Autistic Friends

Full paper:

Nothing about us without us
Who: Crompton & colleagues
Journal: Autism
Published: 2020
Title: ‘I never realised everybody felt as happy as I do when I am around autistic people’: A thematic analysis of autistic adults’ relationships with autistic and neurotypical friends and family
Autistic friends
despite common stereotypes, many autistic people do want to have friends, and are capable of maintaining meaningful and lasting relationships
this paper wanted to look at the ways autistic people feel when they are friends with other autistic people and with neurotypical people

cross-neurotype understanding
• autistic people found communicating with neurotypical people to be effortful and energy draining, & made them anxious as they felt they had to “behave neurotypically”
• autistic people felt comfortable and at ease spending time with autistic people who communicate similar to themselves
“I never realised everybody felt as happy as I do when I am around autistic people”
“neurotypical people are a lot harder to read, and I don’t feel relaxed”
Minority status
• autistic people felt their neurotypical friends & family were not accommodating to their needs, & so they felt they had to mask
• they felt neurotypical friends did not consider their needs in the ways the autistic friend considered theirs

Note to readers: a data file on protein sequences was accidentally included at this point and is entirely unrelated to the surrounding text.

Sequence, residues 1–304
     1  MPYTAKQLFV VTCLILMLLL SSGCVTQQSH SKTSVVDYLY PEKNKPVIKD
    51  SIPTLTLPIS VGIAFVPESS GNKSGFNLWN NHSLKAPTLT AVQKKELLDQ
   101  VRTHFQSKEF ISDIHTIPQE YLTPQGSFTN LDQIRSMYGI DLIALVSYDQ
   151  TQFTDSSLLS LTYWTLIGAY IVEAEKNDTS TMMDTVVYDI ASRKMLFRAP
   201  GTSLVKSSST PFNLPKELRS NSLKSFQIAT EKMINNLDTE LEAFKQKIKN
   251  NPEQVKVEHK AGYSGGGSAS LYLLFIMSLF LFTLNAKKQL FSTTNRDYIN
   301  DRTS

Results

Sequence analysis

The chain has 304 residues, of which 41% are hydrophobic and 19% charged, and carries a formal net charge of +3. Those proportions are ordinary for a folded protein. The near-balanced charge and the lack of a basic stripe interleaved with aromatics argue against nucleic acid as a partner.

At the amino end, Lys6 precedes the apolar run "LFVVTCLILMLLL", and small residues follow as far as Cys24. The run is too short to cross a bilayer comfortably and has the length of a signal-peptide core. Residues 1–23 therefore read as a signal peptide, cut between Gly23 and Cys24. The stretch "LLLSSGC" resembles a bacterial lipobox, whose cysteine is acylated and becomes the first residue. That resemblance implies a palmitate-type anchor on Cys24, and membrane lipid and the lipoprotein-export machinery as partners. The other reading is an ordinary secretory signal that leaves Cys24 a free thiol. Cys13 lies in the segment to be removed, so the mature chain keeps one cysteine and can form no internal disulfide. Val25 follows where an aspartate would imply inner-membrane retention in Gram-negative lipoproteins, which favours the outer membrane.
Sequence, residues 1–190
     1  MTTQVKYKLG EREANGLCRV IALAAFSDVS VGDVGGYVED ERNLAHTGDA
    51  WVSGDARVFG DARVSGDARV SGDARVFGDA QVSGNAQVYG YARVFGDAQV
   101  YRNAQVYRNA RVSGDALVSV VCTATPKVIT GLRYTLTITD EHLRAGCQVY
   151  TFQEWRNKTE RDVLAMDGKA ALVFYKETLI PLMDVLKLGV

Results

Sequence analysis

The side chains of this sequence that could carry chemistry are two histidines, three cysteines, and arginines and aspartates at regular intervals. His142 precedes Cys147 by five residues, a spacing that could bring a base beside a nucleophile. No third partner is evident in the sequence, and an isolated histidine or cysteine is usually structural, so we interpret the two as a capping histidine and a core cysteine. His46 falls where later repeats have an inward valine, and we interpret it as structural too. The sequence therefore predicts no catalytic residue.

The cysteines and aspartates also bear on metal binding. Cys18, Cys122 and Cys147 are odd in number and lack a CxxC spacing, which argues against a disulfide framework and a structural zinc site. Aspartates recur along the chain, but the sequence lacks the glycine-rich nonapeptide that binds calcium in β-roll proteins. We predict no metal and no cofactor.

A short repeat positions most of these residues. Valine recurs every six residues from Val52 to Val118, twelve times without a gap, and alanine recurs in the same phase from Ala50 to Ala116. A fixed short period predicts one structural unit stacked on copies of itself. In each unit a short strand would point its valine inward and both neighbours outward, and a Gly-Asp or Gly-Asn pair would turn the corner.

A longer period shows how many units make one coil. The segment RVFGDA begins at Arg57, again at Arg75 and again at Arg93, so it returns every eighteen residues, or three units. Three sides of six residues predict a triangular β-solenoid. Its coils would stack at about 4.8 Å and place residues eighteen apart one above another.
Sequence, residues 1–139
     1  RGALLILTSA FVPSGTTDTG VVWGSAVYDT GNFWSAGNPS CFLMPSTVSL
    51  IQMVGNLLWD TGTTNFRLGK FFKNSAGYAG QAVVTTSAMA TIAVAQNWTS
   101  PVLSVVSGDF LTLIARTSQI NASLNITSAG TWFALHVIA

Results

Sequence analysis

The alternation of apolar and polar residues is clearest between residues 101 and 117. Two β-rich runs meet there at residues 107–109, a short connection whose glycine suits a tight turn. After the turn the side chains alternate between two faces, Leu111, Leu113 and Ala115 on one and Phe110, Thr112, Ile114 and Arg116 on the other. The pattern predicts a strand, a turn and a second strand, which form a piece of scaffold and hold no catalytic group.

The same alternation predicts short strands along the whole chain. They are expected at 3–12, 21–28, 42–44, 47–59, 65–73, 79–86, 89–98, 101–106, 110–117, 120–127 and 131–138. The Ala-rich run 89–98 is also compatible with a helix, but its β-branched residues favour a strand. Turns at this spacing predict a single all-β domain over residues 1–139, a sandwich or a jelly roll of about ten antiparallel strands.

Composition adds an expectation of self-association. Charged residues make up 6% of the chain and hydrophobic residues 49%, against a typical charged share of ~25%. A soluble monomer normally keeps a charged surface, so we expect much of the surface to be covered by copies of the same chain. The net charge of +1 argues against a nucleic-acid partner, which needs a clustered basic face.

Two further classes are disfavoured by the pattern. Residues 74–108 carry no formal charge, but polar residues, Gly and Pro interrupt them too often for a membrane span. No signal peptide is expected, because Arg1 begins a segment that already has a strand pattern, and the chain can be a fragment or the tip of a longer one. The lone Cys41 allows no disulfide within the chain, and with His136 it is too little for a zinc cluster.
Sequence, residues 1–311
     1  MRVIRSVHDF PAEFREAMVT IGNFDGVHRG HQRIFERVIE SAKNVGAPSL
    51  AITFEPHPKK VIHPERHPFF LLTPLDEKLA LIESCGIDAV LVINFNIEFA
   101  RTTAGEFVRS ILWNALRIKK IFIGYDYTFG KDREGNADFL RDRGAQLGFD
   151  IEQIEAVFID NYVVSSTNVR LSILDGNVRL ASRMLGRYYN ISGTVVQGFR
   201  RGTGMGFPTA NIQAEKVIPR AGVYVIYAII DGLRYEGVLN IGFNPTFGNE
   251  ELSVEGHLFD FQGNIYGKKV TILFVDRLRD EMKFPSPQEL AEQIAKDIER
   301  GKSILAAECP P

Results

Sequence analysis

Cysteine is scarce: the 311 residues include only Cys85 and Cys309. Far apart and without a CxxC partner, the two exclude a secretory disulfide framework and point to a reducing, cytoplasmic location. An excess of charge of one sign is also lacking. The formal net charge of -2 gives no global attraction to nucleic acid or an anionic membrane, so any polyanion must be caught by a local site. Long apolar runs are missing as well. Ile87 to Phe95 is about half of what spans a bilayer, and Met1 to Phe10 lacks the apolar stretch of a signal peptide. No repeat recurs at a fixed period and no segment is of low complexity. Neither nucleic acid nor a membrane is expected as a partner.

• they struggled with the expectation to act neurotypical

• autistic people felt a strong sense of belonging around other autistic people, like they are understood
• they felt they could be their authentic autistic self around other autistic people
• spending time with other autistic people was a source of happiness, and was important in maintaining mental wellbeing and in building resilience
“we simply allow each other to be and accept everything that we are”

“autistic space is so validating compared with the outside world”
this shows that for autistic people, socialisation and support with other autistic people is really important!
research should look more into what makes autistic to autistic communication feel comfortable, so that clinicians and professionals can learn to make interaction more comfortable for autistic people

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